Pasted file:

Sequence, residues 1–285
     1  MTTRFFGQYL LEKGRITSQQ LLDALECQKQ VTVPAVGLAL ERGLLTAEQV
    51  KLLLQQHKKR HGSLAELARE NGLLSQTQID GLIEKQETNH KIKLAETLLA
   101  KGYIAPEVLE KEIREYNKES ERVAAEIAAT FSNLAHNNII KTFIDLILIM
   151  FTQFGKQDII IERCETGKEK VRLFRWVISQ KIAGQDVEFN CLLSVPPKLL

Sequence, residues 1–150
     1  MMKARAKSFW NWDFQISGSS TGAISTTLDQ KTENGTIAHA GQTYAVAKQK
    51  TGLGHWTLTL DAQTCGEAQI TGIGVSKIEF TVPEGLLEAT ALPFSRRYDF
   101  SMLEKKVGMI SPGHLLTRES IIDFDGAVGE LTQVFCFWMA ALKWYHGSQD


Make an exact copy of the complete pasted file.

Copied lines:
Sequence, residues 1–285
     1  MTTRFFGQYL LEKGRITSQQ LLDALECQKQ VTVPAVGLAL ERGLLTAEQV
    51  KLLLQQHKKR HGSLAELARE NGLLSQTQID GLIEKQETNH KIKLAETLLA
   101  KGYIAPEVLE KEIREYNKES ERVAAEIAAT FSNLAHNNII KTFIDLILIM
   151  FTQFGKQDII IERCETGKEK VRLFRWVISQ KIAGQDVEFN CLLSVPPKLL

Sequence, residues 1–150
     1  MMKARAKSFW NWDFQISGSS TGAISTTLDQ KTENGTIAHA GQTYAVAKQK
    51  TGLGHWTLTL DAQTCGEAQI TGIGVSKIEF TVPEGLLEAT ALPFSRRYDF
   101  SMLEKKVGMI SPGHLLTRES IIDFDGAVGE LTQVFCFWMA ALKWYHGSQD